Binge drug injection among people who inject drugs in Montreal: characterizing the substances and social contexts involved to inform overdose prevention efforts
Background: High-intensity episodes of drug injection, or 'binges', may be important yet overlooked triggers of overdose and other harms among people who inject drugs (PWID). We sought to describe binge injection episodes among PWID in Montreal, Canada, and to examine social contexts of this behaviour.
Methods: Data were drawn from a longitudinal cohort study involving three-monthly interviews with active PWID. At each visit (2010-2017), participants reported whether they had injected large quantities of drugs over sustained periods until unable to continue ('binged') in the last 3 months. Bingers provided additional details about typical episodes (substances, injection frequency, persons present). Descriptive analyses were performed.
Results: 805 participants (82% male, median age 41) provided 8158 observations. A recent binge was reported during 590 visits, with 62% of bingers reporting engaging in this practice at least once a month. A range of substances were reported during binges: 21% injected heroin, 26% other opioids, 73% cocaine, 8% amphetamines. 76% reported injecting a single substance during binges: those injecting heroin reported a median 8 [Q1-Q3: 4-15] injections/episode, while those injecting other opioids reported a median 12 [Q1-Q3: 8-30] injections/episode. Cocaine and amphetamine binges both involved a median of 20 injections. Bingers reporting ≥2 substances most commonly injected cocaine with heroin or other opioids. 63% of bingers reported additional use of ≥1 non-injection drug during binges (most frequently: alcohol [45%], marijuana [44%], crack [37%]). 35% of bingers reported bingeing alone, with the remaining injecting most often with close (34%) or casual (26%) friends, romantic/sexual partners (22%) or drug consumption partners (15%).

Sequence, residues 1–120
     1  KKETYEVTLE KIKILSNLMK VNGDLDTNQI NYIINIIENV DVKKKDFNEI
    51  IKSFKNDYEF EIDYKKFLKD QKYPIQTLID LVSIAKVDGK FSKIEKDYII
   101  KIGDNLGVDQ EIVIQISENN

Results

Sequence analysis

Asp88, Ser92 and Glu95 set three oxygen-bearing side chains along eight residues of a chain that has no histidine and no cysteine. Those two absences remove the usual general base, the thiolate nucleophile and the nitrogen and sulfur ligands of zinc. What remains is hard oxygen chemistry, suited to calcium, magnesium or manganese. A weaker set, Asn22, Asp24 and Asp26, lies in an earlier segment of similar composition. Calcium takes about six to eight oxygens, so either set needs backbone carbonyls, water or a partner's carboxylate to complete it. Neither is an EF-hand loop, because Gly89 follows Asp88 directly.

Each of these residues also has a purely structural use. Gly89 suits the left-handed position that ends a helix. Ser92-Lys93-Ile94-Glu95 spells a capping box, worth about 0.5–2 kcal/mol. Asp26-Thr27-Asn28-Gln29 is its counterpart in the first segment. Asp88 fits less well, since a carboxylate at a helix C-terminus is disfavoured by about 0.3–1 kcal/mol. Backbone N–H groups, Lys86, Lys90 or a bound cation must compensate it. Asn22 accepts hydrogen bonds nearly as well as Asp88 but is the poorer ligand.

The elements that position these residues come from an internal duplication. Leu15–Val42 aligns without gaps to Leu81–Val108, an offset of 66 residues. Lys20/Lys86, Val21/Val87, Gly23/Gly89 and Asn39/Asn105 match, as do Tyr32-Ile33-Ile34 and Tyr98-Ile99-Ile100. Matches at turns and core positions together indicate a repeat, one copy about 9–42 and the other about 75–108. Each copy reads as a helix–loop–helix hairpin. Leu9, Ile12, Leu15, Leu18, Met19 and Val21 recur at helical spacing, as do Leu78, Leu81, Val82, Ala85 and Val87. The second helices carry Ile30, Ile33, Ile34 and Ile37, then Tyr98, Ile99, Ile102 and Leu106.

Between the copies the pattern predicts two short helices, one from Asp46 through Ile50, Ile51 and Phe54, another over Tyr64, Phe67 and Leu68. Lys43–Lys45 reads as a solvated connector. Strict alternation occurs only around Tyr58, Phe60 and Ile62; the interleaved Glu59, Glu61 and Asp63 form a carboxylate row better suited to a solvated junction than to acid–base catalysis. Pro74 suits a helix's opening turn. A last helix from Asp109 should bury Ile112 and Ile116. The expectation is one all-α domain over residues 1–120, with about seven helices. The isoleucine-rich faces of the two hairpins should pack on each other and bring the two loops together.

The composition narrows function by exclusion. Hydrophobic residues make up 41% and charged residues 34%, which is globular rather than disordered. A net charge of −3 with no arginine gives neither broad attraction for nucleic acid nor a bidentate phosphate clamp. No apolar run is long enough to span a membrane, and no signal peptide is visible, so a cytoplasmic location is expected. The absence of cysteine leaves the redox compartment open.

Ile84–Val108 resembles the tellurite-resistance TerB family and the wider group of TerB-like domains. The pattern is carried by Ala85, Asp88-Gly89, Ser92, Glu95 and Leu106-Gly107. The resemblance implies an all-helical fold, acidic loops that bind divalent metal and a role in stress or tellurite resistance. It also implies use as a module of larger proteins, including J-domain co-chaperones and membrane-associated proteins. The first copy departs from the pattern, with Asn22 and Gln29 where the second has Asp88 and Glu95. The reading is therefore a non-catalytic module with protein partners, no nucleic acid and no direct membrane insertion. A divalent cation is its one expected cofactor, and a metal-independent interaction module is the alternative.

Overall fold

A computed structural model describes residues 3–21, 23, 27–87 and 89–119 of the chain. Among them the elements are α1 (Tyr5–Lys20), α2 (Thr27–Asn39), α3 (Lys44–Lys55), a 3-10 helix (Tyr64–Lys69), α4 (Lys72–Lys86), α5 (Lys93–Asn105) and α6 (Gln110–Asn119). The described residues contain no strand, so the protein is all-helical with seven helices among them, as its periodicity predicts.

Conclusion: Binge injection episodes involve a diverse range of substances and social contexts. Naloxone distribution efforts should aim to reach a large number of PWID, regardless of their opioid use history, to maximize population-level benefits. The high proportion of individuals bingeing alone is concerning and warrants additional outreach efforts.